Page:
Phoenix P.D. responds to fewer gunshot calls

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Random gunfire a priority for police

PHOENIX -- Despite a slight increase in gunfire calls over New Year's, Phoenix police say the total number received between 11:30 p.m. and 12:30 a.m. was still down 47 percent from the year before the Shannon's Law operations began.

Five people were arrested this year for violating Shannon's Law, which prohibits firing off a gun in the city.

Each faces the possibility of prison, as well as a fine.

In addition, the Phoenix Police Department has not received any reports of anyone being injured from random gunfire in the city during New Year's Eve.

The law was named for Shannon Smith, a teenager who was killed by a stray bullet in 1999.

(Copyright 2008 by The Associated Press. All Rights Reserved.)

Random gunfire priority call for police on New Year's Eve

PHOENIX - Police are not only on the look-out for drunk drivers on New Year's Eve but officers will also be looking for folks ringing in the new year with gunfire.

It happens every year. People celebrate the new year by senselessly shooting into the air and police expect they will be flooded with phone calls.

They are just hoping none of them will involve an innocent person getting hit.

Phoenix police spokesperson Tommy Thompson explains, "Right now we're responding to a priority radio call of shots fired. If we're getting a bunch of calls of shots fired in a different area of the precinct, we're going to change this ops plan."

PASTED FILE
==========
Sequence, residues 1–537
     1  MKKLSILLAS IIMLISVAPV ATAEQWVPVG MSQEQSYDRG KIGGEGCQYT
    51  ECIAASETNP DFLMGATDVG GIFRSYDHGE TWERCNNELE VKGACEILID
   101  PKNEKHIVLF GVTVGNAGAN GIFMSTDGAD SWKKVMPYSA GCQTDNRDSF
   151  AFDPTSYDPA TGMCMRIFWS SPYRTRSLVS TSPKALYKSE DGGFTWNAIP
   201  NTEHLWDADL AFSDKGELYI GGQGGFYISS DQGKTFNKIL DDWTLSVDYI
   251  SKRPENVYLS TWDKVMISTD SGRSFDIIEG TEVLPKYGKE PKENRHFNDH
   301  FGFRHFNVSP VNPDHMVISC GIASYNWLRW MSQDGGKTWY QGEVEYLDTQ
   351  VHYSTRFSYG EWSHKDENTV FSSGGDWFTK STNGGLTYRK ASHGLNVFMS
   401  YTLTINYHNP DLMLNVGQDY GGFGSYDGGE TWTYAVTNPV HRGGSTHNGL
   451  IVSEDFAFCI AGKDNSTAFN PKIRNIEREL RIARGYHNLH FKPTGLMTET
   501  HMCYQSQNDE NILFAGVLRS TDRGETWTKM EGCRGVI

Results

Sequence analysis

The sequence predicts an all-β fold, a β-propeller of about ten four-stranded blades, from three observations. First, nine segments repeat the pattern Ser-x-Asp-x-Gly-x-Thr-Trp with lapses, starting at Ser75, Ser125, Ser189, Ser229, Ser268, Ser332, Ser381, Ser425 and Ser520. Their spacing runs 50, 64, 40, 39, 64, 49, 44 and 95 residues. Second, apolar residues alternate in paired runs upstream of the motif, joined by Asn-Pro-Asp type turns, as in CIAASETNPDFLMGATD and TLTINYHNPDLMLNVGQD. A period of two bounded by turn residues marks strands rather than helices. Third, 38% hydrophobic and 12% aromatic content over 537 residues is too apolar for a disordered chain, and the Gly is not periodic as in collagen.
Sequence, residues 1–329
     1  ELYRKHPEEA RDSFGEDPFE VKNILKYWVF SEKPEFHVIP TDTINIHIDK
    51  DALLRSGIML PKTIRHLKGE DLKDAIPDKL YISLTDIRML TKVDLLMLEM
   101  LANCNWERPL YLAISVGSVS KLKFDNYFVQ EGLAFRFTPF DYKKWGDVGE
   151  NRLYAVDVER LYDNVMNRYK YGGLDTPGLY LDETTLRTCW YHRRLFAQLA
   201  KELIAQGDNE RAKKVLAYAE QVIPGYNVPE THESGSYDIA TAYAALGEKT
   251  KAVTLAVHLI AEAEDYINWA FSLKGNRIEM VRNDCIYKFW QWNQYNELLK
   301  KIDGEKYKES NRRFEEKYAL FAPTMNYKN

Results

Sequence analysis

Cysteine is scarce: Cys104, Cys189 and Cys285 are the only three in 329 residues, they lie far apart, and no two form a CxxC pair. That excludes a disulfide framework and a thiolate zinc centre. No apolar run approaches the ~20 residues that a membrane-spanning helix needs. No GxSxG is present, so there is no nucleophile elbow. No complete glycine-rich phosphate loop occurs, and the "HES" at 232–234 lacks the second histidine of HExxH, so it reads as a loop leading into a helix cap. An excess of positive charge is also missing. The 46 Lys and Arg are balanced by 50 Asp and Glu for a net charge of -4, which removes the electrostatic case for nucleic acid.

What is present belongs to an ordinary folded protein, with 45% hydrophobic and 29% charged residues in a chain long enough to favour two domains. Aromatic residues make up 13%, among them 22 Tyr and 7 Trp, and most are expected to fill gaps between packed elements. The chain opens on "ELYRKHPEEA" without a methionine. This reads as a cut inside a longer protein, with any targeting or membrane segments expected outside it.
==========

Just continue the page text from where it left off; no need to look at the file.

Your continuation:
More than 150 extra officers are working this New Year's Eve patrolling the streets for people shooting into the air. "It would be a perfect night for me if not a single person fired a weapon in the City of Phoenix," Thompson admits.

In one case it was just fireworks. Thompson explains, "It was just some kids with fireworks, no crime, go ahead and clear it."

But in 1999 it was a stray bullet that killed 14-year-old Shannon Smith when someone fired a gun into the air.

Thayne Infanger, with Phoenix police, says, "You fire that round off in the air, it might not come down next to you but two to three miles down the street it might fall down on unsuspecting people."

Police are handing out nearly 40,000 flyers and so far say it seems to be working. "A couple of years ago they used to come out here and shoot a lot of rounds but it's slowed down a lot the last couple of years."

The year Shannon was killed nearly a thousand shots fired calls poured into the police department on New Year's Eve. But since Shannon's Law passed police say the number has gone down 47%.

Infanger explains, "It's the innocent people that die in situations like this and it's not because anybody wanted to commit any harm, they were just trying to have a good time and celebrate the new year and they didn't realize, yeah, it's kind of simple, everything that goes up must come down."

Police are encouraging people to put up the warning signs because they believe education is the key.

Last New Year's Eve Phoenix police tell 3TV they had 350 calls for shots fired.

It is considered a felony and if caught, the shooter can spend up to two years in jail.